Planned Redevelopment Will Demolish Watergate Garage

(Updated at 4:10 p.m.) The Arlington, Va. parking garage that played a pivotal role in the Watergate scandal is set to be demolished as part of a redevelopment.

Monday Properties plans to tear down two aging office buildings, at 1401 Wilson Blvd and 1400 Key Blvd in the Rosslyn neighborhood, to make way for a new mixed use development. Before any construction can take place, however, the proposed redevelopment will go through Arlington’s site plan process, which usually takes 1-4 years.

The parking garage below the buildings will be a casualty of the eventual redevelopment. Forty years ago, Washington Post reporter Bob Woodward met a source dubbed “Deep Throat” — later revealed to be FBI official Mark Felt — in the garage, which was chosen because it was considered an “anonymous secure location.” The information Felt passed on to Woodward helped expose the Watergate scandal, which led to the resignation of President Richard Nixon in 1974.

A permanent historical marker outside the garage, erected by Arlington County, marks the location. Monday Properties says it expects the marker to stay even after the garage is removed.

“We obviously view the whole Watergate situation as a significant event in the history of our country,” said Monday Properties Chief Development Officer Tim Helmig. “It would be our hope that we preserve that plaque and incorporate it in our redevelopment.”

The marker will likely be removed and stored during the redevelopment, said Cynthia Liccese-Torres, Acting Historic Preservation Program Coordinator for Arlington County.

“Ideally we would want to put the marker back up again when the development is all finished,” she said.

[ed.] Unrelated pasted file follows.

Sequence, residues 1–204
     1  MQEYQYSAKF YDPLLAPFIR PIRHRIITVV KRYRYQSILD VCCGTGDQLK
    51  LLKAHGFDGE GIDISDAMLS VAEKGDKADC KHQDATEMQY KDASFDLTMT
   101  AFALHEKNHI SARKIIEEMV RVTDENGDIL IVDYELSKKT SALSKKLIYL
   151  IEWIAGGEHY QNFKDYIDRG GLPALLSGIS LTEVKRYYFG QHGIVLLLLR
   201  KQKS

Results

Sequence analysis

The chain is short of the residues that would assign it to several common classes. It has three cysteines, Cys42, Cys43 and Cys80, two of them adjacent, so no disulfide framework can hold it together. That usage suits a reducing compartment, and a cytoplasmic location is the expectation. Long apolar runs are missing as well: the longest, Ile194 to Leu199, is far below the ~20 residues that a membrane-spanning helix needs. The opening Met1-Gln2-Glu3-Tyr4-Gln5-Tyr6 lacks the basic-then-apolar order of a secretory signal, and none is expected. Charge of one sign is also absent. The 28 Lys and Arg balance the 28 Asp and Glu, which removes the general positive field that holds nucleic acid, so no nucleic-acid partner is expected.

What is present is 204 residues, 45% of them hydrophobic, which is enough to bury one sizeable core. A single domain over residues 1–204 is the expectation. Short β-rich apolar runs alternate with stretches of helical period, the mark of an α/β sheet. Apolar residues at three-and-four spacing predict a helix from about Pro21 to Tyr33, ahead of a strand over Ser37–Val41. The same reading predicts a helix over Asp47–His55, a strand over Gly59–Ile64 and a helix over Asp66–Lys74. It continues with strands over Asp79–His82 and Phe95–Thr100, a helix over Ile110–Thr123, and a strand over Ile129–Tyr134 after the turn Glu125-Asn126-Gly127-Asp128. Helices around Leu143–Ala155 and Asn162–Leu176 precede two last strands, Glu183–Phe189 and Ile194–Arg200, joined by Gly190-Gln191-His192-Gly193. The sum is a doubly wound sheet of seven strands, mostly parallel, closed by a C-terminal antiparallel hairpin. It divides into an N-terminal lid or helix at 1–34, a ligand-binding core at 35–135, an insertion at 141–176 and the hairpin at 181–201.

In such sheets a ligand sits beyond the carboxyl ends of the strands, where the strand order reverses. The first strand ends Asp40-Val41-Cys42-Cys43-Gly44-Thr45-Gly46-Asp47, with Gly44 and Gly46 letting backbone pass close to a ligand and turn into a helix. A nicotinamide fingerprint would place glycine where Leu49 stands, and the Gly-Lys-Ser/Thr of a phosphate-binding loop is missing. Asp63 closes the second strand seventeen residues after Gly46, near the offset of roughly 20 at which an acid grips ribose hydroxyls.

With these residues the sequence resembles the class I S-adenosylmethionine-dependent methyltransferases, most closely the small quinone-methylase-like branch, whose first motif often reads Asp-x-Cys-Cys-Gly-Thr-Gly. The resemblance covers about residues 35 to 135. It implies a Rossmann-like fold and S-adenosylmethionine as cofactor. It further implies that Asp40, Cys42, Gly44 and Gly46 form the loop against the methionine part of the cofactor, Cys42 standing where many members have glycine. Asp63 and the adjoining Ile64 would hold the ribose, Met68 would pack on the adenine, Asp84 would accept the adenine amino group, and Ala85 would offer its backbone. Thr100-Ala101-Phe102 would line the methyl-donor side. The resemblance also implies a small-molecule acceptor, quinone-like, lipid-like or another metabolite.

The garage, built in the early 1960s, is nearing the end of its useful life, Helmig noted. Nonetheless, he said the company is receptive to ideas for preserving some part of the garage’s history.

“That will likely come into the discussion as part of the [site plan] process,” he said. “That’s exactly what the process is designed for.”

Monday plans to replace the older buildings with a 32-story apartment or condo building and a 29-story office building. In total, the buildings will have 500,000 square feet of office space, 385,000 square feet of residential space, and 60,000 square feet of retail space, including a planned full-service grocery store, according to Helmig. About half of the land will be used as a public open space. (See photos, above.)

So far, there’s no word on when Monday, which is still actively trying to find tenants for its massive 1812 N. Moore Street skyscraper in Rosslyn, would actually move forward with the demolition and subsequent construction, if and when it receives county approval.

“There’s not really a set timeframe,” Helmig said. “We are really in the early stages. We have a lot of process and community input to go before our project comes to fruition.”

“We’re excited about our application,” he added. “It certainly meets the goals and objectives of the Rosslyn Sector Plan.”

Arlington County’s Site Plan Review Committee is scheduled to hold a meeting about the development proposal on Monday, Oct. 21.

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